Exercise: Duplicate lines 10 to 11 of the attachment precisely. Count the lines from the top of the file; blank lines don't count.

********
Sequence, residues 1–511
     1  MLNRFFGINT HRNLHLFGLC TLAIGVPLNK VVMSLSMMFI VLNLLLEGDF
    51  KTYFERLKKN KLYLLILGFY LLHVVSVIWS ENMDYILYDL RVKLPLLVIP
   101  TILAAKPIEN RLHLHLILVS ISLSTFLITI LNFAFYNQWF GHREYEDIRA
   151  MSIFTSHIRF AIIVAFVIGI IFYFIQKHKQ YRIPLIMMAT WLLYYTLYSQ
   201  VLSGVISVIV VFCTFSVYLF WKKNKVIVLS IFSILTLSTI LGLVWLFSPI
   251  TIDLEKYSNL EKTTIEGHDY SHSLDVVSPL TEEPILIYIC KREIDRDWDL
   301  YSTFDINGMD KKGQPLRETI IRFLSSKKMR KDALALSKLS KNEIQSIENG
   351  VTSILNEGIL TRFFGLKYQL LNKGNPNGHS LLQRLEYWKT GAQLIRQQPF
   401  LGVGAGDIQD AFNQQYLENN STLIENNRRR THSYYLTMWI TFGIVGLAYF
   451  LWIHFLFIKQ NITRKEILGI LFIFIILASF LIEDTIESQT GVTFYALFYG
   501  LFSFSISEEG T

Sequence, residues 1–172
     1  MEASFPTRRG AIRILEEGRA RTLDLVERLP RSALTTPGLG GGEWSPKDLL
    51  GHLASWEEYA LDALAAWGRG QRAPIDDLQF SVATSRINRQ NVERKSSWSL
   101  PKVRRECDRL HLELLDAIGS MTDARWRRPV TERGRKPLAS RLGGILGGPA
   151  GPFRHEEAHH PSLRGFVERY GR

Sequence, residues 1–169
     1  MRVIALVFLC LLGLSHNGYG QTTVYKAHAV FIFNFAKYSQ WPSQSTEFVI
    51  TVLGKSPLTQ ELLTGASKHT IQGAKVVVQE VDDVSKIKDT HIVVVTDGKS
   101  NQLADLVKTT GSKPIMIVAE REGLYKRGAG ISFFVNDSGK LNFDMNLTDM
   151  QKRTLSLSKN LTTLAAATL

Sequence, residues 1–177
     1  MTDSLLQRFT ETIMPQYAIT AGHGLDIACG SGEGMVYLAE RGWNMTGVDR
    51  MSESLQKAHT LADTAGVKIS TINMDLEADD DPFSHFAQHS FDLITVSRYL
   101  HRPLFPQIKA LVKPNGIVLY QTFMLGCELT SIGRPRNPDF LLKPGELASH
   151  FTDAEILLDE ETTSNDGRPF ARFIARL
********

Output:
   401  LGVGAGDIQD AFNQQYLENN STLIENNRRR THSYYLTMWI TFGIVGLAYF
   451  LWIHFLFIKQ NITRKEILGI LFIFIILASF LIEDTIESQT GVTFYALFYG